The reflected UV irradiance and spectrum was measured by placing the UV devices at a distance of one inch from a surface, which is the recommended distance for surface disinfection application, according to the device manufacturer’s instructions. The average incident irradiance across an area two inches in radius from the center was 1.68 and 2.14 mW/cm² for the filtered and unfiltered KrCl* excimer devices, respectively. The reflected UV spectrum is the same as the device’s emission spectrum because the relative magnitude of UV reflection is consistent across UVC wavelengths. The reflective UV irradiance from five different materials (labeled in Table 1) was measured at various locations around the handheld UV devices. The reflective irradiance from different materials was ranked as: Anodized Aluminum > Stainless Steel #8 > Marble > Polycarbonate > Mirror, following the same rank of the material’s reflection values (Table 1). For the same material, the reflected intensity of UV irradiance was higher for the unfiltered KrCl* excimer than the filtered KrCl* excimer, mainly because of the higher UV irradiance from the unfiltered KrCl* excimer. The reflected UV irradiance decreased with the distance from the UV devices. The maximum reflected irradiance from different materials ranged from 2.1×10-4 to 1.2×10-2 mW/cm² for the filtered KrCl* excimer and 8.1×10-3 to 8.6×10-2 mW/cm² for the unfiltered KrCl* excimer.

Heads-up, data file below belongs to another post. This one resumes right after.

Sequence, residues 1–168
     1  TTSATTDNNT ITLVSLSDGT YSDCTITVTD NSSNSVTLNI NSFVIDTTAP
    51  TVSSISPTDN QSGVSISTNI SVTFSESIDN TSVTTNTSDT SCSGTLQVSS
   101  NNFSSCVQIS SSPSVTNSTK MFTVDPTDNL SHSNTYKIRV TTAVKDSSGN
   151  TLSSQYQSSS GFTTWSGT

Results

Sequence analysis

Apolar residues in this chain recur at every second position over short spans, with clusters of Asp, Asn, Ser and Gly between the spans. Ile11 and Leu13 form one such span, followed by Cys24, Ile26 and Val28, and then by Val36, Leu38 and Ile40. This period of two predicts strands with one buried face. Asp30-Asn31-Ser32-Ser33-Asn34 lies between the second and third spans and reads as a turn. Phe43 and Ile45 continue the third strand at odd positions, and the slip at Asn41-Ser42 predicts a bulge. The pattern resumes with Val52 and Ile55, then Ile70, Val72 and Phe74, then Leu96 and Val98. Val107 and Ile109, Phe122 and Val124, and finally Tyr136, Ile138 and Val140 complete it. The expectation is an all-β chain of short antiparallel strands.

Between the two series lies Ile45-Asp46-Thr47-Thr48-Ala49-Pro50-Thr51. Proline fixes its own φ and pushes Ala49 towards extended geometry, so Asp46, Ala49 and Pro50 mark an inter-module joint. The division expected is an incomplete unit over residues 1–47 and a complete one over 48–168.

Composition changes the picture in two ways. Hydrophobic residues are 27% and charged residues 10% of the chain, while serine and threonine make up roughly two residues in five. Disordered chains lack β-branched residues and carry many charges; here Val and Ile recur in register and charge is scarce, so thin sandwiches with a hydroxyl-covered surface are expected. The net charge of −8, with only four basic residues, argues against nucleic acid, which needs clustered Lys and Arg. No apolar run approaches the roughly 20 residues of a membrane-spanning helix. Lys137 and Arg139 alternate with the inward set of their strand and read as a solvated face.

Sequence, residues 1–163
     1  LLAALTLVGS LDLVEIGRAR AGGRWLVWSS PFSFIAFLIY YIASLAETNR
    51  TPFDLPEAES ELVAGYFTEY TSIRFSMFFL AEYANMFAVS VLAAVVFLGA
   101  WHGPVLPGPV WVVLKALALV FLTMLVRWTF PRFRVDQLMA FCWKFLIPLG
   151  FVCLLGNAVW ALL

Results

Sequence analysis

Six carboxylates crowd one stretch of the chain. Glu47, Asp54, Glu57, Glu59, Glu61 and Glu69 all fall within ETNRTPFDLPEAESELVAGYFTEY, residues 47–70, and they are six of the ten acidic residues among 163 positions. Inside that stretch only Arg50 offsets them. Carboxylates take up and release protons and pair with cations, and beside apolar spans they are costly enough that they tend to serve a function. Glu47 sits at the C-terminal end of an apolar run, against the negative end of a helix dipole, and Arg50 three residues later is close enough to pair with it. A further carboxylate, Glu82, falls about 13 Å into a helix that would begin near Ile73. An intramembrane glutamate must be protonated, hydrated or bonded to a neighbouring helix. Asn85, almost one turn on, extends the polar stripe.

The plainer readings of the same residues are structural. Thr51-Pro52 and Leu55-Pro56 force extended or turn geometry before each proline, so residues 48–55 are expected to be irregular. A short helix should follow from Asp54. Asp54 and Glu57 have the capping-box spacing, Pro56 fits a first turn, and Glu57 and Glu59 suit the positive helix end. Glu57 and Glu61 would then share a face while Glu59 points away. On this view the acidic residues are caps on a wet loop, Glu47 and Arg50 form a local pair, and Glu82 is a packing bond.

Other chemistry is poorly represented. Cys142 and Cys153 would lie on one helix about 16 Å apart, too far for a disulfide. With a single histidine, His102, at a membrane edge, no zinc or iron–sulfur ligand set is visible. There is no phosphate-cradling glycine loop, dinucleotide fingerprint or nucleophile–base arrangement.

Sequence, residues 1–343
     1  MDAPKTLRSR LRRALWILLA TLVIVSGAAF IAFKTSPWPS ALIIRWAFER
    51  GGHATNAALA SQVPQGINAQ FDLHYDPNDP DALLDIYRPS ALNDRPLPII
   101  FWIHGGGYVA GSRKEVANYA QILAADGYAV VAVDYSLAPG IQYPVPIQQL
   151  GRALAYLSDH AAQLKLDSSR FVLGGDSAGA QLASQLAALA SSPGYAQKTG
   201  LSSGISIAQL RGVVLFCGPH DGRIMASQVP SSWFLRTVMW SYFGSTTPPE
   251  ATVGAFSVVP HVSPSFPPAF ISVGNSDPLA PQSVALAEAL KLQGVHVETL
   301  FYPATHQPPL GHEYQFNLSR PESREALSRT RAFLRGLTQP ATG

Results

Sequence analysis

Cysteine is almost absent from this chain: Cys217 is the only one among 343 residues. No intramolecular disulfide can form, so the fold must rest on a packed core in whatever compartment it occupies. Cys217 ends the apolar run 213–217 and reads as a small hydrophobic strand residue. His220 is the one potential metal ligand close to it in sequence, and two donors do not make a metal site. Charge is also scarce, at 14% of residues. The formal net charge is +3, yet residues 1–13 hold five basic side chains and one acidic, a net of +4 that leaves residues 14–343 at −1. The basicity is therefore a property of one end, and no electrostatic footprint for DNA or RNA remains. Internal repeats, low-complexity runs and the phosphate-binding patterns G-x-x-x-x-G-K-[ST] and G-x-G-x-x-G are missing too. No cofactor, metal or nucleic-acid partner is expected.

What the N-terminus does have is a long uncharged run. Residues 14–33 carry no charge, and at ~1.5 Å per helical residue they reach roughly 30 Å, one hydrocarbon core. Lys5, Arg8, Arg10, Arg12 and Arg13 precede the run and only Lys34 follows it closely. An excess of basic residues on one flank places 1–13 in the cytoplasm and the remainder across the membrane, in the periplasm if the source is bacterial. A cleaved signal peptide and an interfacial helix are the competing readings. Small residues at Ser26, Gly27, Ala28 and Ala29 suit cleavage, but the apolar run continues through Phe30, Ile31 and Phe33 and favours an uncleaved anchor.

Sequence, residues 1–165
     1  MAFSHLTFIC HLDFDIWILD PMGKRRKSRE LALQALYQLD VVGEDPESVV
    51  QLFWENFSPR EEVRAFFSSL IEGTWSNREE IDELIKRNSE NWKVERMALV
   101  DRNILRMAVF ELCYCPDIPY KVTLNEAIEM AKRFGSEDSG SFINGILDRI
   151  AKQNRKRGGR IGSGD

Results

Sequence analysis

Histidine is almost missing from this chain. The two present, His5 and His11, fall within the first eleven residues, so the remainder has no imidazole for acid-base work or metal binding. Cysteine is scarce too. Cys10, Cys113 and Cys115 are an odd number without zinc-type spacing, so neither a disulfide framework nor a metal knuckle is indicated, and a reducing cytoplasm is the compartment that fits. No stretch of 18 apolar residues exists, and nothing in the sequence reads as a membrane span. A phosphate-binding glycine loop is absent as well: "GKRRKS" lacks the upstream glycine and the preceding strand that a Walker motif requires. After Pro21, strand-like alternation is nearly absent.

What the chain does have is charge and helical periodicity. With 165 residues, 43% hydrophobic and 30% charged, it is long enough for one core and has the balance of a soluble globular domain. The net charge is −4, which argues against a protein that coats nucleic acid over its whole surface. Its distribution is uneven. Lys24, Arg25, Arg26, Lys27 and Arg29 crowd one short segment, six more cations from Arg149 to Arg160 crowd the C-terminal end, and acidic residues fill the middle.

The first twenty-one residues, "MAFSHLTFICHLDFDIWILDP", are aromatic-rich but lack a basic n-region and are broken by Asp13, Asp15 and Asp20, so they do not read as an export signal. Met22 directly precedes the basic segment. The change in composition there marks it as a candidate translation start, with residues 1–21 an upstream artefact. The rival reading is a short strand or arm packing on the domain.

Figure 1. The relative hazardous effectiveness (RE) for UV exposures of human eye and skin for reflected UV irradiation from surfaces under UVC devices.

The relative hazardous effectiveness (RE) for UV exposure of human eyes and skin was calculated for all tested UVC devices according to the American Conference of Governmental Industrial Hygienists (ACGIH®) threshold limit value (TLV) 12 (Figure 1). The filtered KrCl* excimer is much safer to be applied in occupied spaces, with RE that are 23.6 and 40.8 times lower than the LP UV lamp and 4.3 and 5.9 times lower than the unfiltered KrCl* excimer for eye and skin exposures, respectively. Combining the RE calculation and reflected UV irradiance measurements, these results suggest that the reflected UV irradiation for the filtered KrCl* excimer is unlikely to cause any adverse health risks. The daily maximum exposure time without any acute adverse health effect (Texp) is greater than 24 hours for most surfaces. Relatively long Texp (i.e., > 6 hours) also was observed when the unfiltered KrCl* excimer was applied to surfaces with low reflection value.

Limited ozone generation also was observed for the unfiltered and filtered KrCl* excimer. The maximum ozone concentration measured around the device over one minute of operation (i.e., the maximum time of continuous operation for the handheld surface disinfection devices per the manufacturer’s instructions) was less than three parts per billion (ppb), much lower than the FDA limit for extended exposure (i.e., 50 ppb).